Prelude to Act 1 of Lohengrin…Richard Wagner (1813-1883)

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This music opens Wagner’s opera, Lohengrin.  One of the most influential composers of the Romantic period, Wagner was innovative in the way he used (and enlarged) the orchestra.

The Prelude grows out of (and at the end returns to) a single A Major chord.  Listen to the way the chord changes in color as sections of the orchestra (strings, woodwinds, and brass) merge in and out, like a musical kaleidoscope.  In these moments, it is the pure sound you want to enjoy.

As the music unfolds, what kind of motion do you sense?  How is it similar or different to Torke’s Javelin? Pay attention to the instruments in the opening of the piece.  Do you hear mostly high or low pitches?  As the music progresses, do you notice any gradual change?  Is there a large-scale shape unfolding in the music?  If there is, how is Wagner achieving this?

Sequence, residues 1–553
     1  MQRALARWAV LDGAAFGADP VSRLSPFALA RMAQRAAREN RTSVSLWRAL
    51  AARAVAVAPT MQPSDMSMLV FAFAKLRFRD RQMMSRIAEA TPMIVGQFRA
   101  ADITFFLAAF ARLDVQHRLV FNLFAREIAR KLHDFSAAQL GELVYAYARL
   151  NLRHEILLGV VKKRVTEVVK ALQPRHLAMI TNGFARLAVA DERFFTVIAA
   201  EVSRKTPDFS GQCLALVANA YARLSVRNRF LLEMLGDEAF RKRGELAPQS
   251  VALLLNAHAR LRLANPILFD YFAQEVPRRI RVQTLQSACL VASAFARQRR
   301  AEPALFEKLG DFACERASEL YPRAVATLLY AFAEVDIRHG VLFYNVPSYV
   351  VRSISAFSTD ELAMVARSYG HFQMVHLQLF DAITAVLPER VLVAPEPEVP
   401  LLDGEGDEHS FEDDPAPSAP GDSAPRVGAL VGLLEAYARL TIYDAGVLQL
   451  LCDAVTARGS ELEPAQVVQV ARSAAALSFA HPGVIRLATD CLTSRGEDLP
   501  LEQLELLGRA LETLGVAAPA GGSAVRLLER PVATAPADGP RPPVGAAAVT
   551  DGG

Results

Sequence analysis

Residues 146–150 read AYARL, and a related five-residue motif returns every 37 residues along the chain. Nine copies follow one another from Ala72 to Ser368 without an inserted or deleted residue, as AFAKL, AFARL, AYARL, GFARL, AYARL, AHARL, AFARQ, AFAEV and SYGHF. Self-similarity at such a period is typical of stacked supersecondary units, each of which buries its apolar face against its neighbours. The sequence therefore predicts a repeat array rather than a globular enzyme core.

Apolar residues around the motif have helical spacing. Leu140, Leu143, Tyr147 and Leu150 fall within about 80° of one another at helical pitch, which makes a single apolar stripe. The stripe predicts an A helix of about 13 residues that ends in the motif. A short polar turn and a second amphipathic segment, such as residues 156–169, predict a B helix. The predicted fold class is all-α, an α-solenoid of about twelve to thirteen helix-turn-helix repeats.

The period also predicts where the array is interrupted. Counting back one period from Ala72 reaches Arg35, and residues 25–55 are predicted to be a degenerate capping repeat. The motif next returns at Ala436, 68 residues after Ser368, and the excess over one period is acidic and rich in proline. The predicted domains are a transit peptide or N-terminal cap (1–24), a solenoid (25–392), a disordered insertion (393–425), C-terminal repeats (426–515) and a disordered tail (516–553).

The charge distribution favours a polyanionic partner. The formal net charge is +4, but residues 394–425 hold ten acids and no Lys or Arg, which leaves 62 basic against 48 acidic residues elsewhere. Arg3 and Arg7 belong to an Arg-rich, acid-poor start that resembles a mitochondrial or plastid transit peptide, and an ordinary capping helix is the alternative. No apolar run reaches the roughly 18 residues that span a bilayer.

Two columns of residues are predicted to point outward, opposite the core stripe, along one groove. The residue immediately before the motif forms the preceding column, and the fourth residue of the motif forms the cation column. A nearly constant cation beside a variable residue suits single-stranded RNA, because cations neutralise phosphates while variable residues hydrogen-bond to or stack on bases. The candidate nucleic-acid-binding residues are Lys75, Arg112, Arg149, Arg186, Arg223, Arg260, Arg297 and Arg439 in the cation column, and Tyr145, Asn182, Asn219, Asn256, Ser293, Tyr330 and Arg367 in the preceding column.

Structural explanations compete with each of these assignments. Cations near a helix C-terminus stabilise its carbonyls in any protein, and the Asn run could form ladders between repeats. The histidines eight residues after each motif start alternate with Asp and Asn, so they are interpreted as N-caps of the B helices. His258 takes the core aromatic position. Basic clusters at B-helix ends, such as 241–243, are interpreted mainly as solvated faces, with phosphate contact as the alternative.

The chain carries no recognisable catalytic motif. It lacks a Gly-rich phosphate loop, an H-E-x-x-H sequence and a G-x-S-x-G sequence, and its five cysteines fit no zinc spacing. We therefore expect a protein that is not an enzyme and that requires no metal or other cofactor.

Hearing Colors in the Music of Michael Torke

Colouring pencils

 

Javelin…Michael Torke (b. 1961)

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When you listen to music do you hear colors?  The idea of musical color may seem like a strange mixing of the senses, but color is an important element of music, along with motion, energy, flow and fabric.*

For violinists, color is synonymous with timbre.  We often choose between playing the same pitch in a lower position on a higher string (creating a bright tone) and playing in a higher position on a lower string (creating a darker, thicker and sometimes more veiled and velvety sound).  It all depends on what color the music calls for.